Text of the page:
The full U.S. Court of Appeals in Washington will rehear a case on Obamacare tax subsidies, granting a government request in a move that may reduce chances of a new Supreme Court showdown over a central part of the law.
A rehearing sets up the possibility that the full court will reverse the July ruling of a three-judge panel that blocked subsidies for consumers on federally run health exchanges, a key element to the 2010 health-care overhaul. Another U.S. appeals court, in Richmond, Virginia, upheld the provision’s application to federal exchanges.
Eliminating the split would reduce the chances of the Supreme Court’s taking the case. Divisions between appeals courts are among the factors the justices consider when deciding whether to hear a case. In a short order today, the Washington appeals court set aside the July ruling and scheduled new arguments for Dec. 17.
“If the government wins, you have certainly reduced the likelihood of Supreme Court review, no question,” said Jonathan Adler, a law professor at Case Western Reserve University in Cleveland, who co-wrote a brief in support of plaintiffs in the case seeking to restrict the subsidies.
Supreme Court review is “very unlikely” if the Obama administration prevails at the re-hearing because justices rarely review “a decision upholding a rule without a circuit split,” said Timothy Jost, a health law professor at Washington and Lee School of Law in Lexington, Virginia.
On the other hand, the Supreme Court may feel obligated to tackle the Patient Protection and Affordable Care Act of 2010 once more simply because of the issues at stake, according to Tom Goldstein, an appellate lawyer whose Scotusblog website tracks the court and is sponsored by Bloomberg Law.
While the likely result of a re-hearing will be a win for the Obama administration, “the issue is so significant and close that it ultimately is likely to be decided by a more conservative Supreme Court,” Goldstein wrote in an e-mail.
The question before the appeals court involves tax subsidies that apply to more than half of the 8 million people who picked an insurance plan from October through mid-April, according to a report by the U.S. Department of Health and Human Services.
The dispute centers on whether the subsidies, in the form of tax credits, apply only to consumers in the 14 states that have set up Obamacare insurance marketplaces or to the much larger number who buy insurance on the federal marketplace.
The Obama administration asked the full court to rehear the case after the three-judge panel struck down the Internal Revenue Service rule specifying that needy customers in both the federal and state marketplaces were eligible for the subsidies.
Hours after that July ruling, a federal appeals panel in Richmond unanimously upheld the IRS rule.
The decision to rehear the case underscores the influence of four judges appointed to the court by President Barack Obama since 2013. Three of them took their seats after Senate Democrats changed the rules to let a simple majority confirm most presidential nominees.
Long dominated by Republican appointees, the Washington appeals court now has seven judges who were nominated by Democratic presidents and four named by Republicans.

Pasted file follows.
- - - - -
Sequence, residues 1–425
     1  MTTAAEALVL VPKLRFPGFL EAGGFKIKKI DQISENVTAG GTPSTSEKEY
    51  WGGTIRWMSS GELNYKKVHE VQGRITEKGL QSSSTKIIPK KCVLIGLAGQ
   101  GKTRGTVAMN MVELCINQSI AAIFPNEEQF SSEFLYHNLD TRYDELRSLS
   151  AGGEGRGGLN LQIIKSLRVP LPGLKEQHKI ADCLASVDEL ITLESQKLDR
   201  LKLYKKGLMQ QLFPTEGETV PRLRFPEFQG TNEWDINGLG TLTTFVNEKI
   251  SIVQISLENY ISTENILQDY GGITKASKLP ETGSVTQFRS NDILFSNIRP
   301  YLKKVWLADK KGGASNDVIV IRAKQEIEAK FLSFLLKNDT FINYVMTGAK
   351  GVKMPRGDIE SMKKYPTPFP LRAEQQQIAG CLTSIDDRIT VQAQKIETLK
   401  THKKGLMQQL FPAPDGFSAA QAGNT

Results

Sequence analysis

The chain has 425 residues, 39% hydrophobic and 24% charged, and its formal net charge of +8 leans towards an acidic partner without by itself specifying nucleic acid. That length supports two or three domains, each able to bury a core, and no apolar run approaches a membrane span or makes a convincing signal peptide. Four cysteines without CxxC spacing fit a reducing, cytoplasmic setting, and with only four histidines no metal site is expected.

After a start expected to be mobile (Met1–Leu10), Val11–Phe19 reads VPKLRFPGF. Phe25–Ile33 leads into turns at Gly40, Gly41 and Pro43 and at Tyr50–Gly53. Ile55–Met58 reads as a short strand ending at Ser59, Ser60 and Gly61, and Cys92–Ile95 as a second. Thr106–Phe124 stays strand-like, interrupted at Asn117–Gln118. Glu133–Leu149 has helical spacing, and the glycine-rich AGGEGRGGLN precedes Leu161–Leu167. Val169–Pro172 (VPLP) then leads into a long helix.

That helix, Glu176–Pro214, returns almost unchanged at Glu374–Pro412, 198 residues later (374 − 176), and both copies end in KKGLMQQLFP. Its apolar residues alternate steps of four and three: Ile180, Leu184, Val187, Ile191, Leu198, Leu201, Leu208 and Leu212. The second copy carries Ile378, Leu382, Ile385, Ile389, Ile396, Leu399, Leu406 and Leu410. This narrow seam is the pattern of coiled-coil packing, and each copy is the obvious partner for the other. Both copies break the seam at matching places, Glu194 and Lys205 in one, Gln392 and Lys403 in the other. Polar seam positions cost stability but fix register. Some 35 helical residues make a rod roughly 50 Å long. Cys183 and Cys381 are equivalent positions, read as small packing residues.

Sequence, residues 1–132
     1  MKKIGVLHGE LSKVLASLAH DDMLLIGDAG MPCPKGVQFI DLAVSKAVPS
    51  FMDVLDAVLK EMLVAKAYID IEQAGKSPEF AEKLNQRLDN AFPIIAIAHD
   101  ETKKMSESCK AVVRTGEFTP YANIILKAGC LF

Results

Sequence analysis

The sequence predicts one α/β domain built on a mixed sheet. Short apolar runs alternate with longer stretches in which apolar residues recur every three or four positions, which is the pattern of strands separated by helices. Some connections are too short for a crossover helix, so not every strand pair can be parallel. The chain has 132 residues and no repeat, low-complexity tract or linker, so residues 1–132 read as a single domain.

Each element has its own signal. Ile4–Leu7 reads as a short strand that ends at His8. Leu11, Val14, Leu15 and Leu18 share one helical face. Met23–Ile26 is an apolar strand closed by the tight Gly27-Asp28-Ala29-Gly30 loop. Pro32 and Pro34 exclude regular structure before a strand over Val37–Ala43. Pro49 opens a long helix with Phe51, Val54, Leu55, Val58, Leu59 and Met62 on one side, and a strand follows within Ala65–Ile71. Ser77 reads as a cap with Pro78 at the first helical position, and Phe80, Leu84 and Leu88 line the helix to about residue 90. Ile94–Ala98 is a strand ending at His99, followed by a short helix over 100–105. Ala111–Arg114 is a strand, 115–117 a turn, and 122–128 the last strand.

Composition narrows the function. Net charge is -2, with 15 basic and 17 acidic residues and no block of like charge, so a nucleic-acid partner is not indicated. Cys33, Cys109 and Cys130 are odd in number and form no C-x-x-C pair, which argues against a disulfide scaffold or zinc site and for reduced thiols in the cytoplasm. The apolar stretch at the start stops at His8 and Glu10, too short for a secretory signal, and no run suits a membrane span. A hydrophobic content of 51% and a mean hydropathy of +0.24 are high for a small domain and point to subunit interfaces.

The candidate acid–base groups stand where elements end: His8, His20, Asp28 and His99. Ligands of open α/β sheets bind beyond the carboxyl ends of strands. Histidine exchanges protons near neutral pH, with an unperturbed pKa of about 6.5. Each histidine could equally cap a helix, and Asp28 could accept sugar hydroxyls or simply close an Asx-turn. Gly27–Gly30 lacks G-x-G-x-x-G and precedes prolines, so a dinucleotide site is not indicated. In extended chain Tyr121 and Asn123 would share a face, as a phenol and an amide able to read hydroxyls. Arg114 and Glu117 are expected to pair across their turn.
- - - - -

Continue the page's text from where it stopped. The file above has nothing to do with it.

Two other judges who have taken semi-retired senior status, Democratic-appointed Harry Edwards and Republican-appointed A. Raymond Randolph, have the option of taking part in the rehearing because they were on the three-judge panel. Edwards dissented.
A divided Supreme Court in June 2012 upheld the core of Obamacare, voting 5-4 that Congress has the power to make Americans carry insurance or pay a penalty.
In the current set of cases, the Obama administration argues that Congress intended the subsidies to be granted to all eligible participants, whether buying insurance on state exchanges or on the federal marketplace operated by the U.S. in place of states.
Opponents, citing the language of the law, contend that subsidies are limited to marketplaces “established by the state.”
Judges appointed by Democratic presidents tend to be more concerned about the broader purpose of a law than about how it’s worded, a tendency that could give supporters of Obamacare an edge in the re-hearing, according Adler.
Adler said that judges on the Washington appeals bench named by Democrats may share the view of Edwards, who in his dissent called the case a thinly veiled attempt to gut Obamacare. Edwards is “very concerned about the plaintiff’s motives, far more than the text of the law,” Adler said in a phone interview.
The plaintiffs in the Washington case objected to a rehearing, contending that the issue is important enough to go straight to the Supreme Court.
Their lawyer, Michael Carvin of Jones Day, also represents the plaintiffs in the Richmond case, and already has asked the Supreme Court to hear the matter.
The question of who is covered by the IRS rule “should proceed immediately” to final resolution by the Supreme Court, Carvin wrote in an Aug. 18 filing urging the Washington court to decline a rehearing.
The decision by the Washington appeals court to grant re-hearing makes it “very unlikely” the Supreme Court will accept the Richmond case, Jost said.
At least two other challenges to the health-care tax credits are pending in federal courts in Oklahoma and Indiana.
The D.C. case is Halbig v. Sebelius, 14-5018, U.S. Court of Appeals for the District of Columbia (Washington). The Virginia case is King v. Sebelius, 14-1158, U.S. Court of Appeals for the Fourth Circuit, (Richmond).